Named after the Prince of Orange, Prinsengracht canal is the longest of the main canals in the city center, measuring around two miles (three kilometers). It's one of the liveliest canals in the city and is notable for myriad colorful houseboats and numerous historic sites flanking its banks.
Prinsengracht is one of several main canals that run through the center of Amsterdam. There are numerous points of interest along the canal, including the Unicorn Lock at the entrance of the canal, The Anne Frank House where The Diary of a Young Girl was penned, the West Church (Westerkerk), and the Houseboat Museum. Take a guided walking tour for an overview of Prinsengracht or a boat tour for a water view.
Things to Know Before You Go
- Prinsengracht is a must-visit for history lovers and architecture buffs.
- A boat ride along the Prinsengracht is a fun excursion for travelers of all ages.
- Top attractions on the canal include the houseboats and historic canal houses.
How to Get There
This canal flows right through the center of Amsterdam and runs next to Emperor's Canal (Keizersgracht). It’s easy to reach by foot, boat, or bicycle, and it’s less than a 15-minute walk to the northern part of Prinsengracht if you are coming from Centraal, Amsterdam’s main railway station.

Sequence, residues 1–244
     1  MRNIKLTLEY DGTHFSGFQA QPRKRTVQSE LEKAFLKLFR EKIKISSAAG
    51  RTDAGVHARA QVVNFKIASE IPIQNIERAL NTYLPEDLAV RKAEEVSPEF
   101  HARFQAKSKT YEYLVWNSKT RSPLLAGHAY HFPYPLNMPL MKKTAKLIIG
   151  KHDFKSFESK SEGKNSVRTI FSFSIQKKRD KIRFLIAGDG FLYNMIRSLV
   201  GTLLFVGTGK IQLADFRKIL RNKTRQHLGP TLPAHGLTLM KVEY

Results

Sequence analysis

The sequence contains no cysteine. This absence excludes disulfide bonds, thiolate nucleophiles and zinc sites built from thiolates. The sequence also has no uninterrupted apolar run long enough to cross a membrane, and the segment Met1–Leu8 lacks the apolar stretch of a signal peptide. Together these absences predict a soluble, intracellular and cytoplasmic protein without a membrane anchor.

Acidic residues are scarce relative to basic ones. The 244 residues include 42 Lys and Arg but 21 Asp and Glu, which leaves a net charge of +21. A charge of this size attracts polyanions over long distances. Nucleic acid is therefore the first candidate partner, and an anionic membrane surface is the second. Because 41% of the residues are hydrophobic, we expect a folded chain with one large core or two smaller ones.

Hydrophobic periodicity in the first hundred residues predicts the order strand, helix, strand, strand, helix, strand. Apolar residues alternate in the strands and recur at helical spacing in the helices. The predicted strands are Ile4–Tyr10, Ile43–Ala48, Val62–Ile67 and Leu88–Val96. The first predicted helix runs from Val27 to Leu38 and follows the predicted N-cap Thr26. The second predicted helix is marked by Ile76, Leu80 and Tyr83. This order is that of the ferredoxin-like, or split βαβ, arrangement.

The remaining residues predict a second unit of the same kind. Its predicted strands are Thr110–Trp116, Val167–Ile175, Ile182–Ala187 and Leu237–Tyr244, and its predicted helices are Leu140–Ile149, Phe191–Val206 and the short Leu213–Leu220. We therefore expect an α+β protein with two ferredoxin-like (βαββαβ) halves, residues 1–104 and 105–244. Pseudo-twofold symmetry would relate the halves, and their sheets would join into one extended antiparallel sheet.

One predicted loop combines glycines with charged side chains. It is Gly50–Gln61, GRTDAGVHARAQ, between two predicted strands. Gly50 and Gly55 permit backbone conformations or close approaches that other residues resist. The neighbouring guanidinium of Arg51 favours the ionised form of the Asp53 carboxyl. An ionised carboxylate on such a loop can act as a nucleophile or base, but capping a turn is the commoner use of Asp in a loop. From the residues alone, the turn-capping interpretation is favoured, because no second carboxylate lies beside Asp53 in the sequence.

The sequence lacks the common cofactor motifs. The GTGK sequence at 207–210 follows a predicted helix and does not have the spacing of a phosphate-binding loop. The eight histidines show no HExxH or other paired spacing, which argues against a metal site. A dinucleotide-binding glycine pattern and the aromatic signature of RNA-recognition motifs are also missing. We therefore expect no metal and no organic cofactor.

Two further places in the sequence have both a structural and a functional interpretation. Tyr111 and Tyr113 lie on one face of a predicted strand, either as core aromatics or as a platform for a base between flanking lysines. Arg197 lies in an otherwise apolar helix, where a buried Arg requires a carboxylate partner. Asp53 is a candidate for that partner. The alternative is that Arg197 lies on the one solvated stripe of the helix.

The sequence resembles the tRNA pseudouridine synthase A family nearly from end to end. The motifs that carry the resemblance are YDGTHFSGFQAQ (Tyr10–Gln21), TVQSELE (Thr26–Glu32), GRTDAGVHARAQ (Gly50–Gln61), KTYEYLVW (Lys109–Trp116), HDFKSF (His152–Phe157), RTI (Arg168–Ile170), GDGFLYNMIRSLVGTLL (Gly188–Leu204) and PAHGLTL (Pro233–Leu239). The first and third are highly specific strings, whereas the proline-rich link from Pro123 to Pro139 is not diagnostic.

When to Get There
This canal is worth visiting any time of year, though it’s at its most pleasant in summer when weather is relatively warm and dry. If possible, plan your visit to coincide with the annual Prinsengrachtconcert in August, an open-air classical music concert held on a pontoon in the canal.
One interesting building along the canal is Cafe Papeneiland—it's one of the city's oldest and most famous "brown cafes," a traditional Dutch pub known for hearty local fare and beverages. Dating back to 1642, Cafe Papeneiland is also known for its apple pie and for having a subterranean tunnel that leads to the Posthorn church, once used by Catholics fleeing persecution.